To see how you can streamline operations and improve productivity for organizations of all sizes with IBMs Continous Engineering and IoT solutions, visit our landing page. And join us at Think 2018, March 19-22 in Las Vegas.

The post How AT&T migrated 40,000 users to IBM’s IoT solutions appeared first on Internet of Things blog.

Internet of Things blog

How AT&T migrated more than 40,000 users to IBM’s IoT connected products

For any telecom provider, avoiding system downtime is usually job one. So when AT&T decided to migrate more than 40,000 users to IBM’s IoT-enabled connected products—with the goal of supporting internal software development and replace its existing disparate solutions—the company knew it was in for a long slog.

Over the course of about three years, the company used an agile business planning model to pull off this monumental project. AT&T agile tool product owner and team lead Tiina Seppalainen detailed how it all unfolded at the recent IBM Continuous Engineering Summit in New Orleans.

Seppalainen CE Summit

AT&T’s Tiina Seppalainen describes her company’s Rational migration at the 2017 CE Summit.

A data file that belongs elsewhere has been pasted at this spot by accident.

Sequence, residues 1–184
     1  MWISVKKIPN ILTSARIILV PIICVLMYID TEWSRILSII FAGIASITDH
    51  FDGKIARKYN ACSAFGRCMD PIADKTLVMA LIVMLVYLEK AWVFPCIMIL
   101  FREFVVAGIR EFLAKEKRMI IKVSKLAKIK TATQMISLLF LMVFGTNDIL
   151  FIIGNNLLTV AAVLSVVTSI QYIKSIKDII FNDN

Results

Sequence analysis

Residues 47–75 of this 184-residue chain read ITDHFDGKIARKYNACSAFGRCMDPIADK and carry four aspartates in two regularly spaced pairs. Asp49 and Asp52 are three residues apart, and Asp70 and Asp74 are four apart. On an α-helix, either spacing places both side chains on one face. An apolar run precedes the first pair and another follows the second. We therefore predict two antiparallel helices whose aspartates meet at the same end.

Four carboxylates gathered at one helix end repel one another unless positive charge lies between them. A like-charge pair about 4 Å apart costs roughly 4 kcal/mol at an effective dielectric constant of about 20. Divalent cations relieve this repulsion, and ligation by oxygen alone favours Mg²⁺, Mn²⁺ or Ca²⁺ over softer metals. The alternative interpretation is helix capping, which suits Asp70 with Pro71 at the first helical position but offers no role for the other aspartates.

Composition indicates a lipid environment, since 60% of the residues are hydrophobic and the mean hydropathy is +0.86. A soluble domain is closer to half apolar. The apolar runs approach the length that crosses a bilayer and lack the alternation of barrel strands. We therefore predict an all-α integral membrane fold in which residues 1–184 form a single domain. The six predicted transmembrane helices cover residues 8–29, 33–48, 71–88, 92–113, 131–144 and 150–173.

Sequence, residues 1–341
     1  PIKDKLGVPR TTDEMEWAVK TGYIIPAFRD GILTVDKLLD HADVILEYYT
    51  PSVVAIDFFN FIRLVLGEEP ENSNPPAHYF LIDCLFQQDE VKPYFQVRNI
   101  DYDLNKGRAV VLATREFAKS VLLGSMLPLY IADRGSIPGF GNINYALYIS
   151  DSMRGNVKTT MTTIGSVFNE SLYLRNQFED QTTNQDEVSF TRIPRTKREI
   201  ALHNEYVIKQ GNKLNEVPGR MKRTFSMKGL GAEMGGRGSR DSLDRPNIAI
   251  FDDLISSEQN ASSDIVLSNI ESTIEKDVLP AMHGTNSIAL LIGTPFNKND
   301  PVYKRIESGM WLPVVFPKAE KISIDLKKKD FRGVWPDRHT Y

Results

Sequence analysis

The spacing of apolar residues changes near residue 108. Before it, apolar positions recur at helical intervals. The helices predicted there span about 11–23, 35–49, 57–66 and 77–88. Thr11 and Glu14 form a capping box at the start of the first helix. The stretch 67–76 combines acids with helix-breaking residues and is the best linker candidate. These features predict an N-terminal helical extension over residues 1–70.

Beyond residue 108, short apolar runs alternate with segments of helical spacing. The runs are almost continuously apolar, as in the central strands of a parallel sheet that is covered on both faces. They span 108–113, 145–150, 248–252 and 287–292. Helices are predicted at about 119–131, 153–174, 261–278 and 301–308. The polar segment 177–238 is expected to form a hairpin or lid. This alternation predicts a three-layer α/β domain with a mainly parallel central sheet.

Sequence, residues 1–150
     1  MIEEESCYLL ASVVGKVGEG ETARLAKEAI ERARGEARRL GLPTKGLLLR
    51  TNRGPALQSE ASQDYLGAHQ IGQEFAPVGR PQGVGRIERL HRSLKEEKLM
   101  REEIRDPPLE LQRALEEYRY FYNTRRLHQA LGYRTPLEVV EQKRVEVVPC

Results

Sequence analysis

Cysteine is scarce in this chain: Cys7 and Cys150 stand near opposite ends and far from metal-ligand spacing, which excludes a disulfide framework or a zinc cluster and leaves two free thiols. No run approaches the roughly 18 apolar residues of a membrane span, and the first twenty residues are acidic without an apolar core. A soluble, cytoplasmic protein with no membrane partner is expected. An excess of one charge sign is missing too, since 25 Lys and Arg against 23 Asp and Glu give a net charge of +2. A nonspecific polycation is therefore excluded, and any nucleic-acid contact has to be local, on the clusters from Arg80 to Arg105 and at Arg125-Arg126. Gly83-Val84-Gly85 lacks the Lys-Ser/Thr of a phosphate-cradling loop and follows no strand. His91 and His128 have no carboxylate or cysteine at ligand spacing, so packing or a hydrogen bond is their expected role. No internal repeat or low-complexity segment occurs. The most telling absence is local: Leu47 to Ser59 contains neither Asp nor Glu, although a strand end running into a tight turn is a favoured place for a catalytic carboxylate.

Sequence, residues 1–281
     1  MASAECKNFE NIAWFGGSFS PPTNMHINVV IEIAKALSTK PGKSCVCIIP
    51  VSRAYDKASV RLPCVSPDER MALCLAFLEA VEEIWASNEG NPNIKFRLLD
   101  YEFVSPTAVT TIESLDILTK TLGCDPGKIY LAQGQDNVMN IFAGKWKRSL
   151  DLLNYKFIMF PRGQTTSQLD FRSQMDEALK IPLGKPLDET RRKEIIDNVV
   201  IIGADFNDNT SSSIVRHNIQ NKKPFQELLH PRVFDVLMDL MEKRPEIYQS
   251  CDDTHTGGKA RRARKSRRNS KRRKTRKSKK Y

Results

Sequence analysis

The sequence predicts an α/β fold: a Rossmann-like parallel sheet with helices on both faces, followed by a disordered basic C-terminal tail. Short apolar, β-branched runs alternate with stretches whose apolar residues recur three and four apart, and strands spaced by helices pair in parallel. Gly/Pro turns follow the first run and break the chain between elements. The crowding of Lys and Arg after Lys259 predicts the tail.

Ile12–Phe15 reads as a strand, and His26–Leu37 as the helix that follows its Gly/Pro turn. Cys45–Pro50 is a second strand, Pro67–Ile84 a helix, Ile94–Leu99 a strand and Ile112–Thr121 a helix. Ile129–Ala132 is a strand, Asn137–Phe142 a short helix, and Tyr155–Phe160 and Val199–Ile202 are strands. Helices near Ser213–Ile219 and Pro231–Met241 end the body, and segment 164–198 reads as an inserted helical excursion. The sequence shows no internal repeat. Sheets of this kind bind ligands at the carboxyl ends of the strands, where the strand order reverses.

Connected products buy-in and planning

Seppalainen said the keys to success lied in broad buy-in from all levels of the company and a meticulously planned process for executing and managing the changes at various stages. We had an aggressive and changing schedule, and we did this without any kind of formal training,” she said. “We were given the tools and told to have at it, so that’s what we did.”AT&T had to account for about 3,000 applications that support different parts of the company. “We ended up [affecting] about 100 project areas and 57 servers. And they all needed to be built in time for the migrations to the Rational tools,” Seppalainen said. “It was all planned very carefully and sequentially because of the dependencies between our servers.”